Developing talent with an Olympic mindset

The Olympics is a sporting spectacle like no other, and Rio 2016 will be no different. As athletes from all nations descend on the coastal Brazilian city, much will be made of their physical performance in the coming weeks. However, whilst the physical element will dominate headlines and captivate audiences, a lot of an athlete’s preparation will be psychological.

For many months, if not years, competitors have been preparing their mental focus for the moment they step out to fight for a medal. It is this mindset that managers and employees should learn to apply in the workplace. But how can businesses identify and encourage this Olympic mindset?

Learn from mistakes
Employees often view mistakes as something that should be avoided at all costs; some even fear the mere thought of making an error. However, the same cannot be said for athletes who understand that making a mistake can actually help them to improve their performance. In a business setting, making a mistake can cause demotivation, so managers must emphasise that each new experience will require a learning curve. With this approach, managers will be able to offer the support and guidance that is needed to turn an error into knowledge for the future. This will help staff understand that making mistakes is simply a fact of life and not something to be feared.

Be coachable
Olympic athletes thrive on feedback, both positive and constructive. In fact, they often pay for coaching teams to critique their style in order to enhance their performance. This process is normally managed very carefully, with each performance reviewed as it happens, highlighting the importance of delivering timely feedback. Without this positive attitude towards development, an athlete may fail to reach to top of his or her game whilst competitors excel.

In the workplace, being coachable is essential across all levels of the organisation. Having an open mind and accepting feedback is the first step to being ‘coachable’, but high performing individuals will take this a step further. Peak performers typically ask for 360° input and constructive criticism from your team, are flexible in their approach to assignments, and are unafraid to retry a task that may not have succeeded in the past.

Generate drive
When it comes to being the best, Olympians know that they have to push their bodies and minds further than ever before. To beat the best, employees will also need to find that extra gear and really push themselves. Being comfortable with the uncomfortable is something that employees should embrace in order to make sure they are working to the best of their ability. Being in a situation that is outside of someone’s normal comfort zone is a challenge, but one that will lead to greater results personally, and for the wider team.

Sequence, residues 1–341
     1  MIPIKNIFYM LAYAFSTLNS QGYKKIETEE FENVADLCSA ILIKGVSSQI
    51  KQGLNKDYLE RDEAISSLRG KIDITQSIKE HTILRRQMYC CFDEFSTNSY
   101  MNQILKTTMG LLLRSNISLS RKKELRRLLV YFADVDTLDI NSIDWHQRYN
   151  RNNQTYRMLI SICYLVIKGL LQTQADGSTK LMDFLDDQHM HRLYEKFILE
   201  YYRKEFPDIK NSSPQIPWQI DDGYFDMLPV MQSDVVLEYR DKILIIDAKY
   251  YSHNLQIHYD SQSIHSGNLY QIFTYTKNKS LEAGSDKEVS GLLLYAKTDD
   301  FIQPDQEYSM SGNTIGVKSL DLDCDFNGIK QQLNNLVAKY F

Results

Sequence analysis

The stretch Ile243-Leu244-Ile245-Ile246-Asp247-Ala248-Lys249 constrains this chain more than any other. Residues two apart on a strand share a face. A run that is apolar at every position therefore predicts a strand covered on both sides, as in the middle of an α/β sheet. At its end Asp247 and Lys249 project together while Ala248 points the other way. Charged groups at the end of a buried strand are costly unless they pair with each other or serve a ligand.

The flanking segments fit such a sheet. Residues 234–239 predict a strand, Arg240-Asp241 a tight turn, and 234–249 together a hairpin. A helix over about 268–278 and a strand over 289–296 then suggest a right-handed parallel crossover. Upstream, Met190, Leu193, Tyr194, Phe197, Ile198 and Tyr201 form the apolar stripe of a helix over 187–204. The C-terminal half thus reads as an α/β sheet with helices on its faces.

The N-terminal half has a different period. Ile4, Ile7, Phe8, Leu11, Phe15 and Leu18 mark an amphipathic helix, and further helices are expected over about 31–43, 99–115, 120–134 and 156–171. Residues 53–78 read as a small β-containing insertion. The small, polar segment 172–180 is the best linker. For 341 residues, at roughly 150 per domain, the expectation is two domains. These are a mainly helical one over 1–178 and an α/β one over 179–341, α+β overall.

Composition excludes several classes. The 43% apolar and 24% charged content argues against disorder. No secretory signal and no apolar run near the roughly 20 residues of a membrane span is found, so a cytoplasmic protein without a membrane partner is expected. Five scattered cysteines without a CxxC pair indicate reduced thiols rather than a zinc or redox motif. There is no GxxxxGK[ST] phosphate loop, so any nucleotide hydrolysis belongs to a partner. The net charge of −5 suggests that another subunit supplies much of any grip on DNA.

Team work
Even athletes competing in individual events have a strong team behind them, helping them to prepare for the event and providing encouragement. Maintaining a strong team mentality is equally important for employees. Managers need to ensure that members of their team are being encouraging and supportive and that each individual is motivated to work to the best of his or her ability. A rowing squad cannot win if one member is out of sync; the same can be said for a team in the workplace. All employees must be working towards a common goal in order to achieve success.

Work ethic
Olympic athletes are in the best possible physical condition for The Games, but this does not just happen; it requires a world-class work ethic. This is achieved through serious dedication, motivation and an unyielding desire to win. Employees also need a strong work ethic in order to achieve their goals in the workplace. In the same way that an Olympian dreams of a gold medal, a manager must ensure that staff also have a clear and achievable goal to work towards.

So whilst you’re cheering on the country of your choice, in your favourite sports, watch out for that Olympic mindset and see how you can create this in the workplace. Ready, get set, go…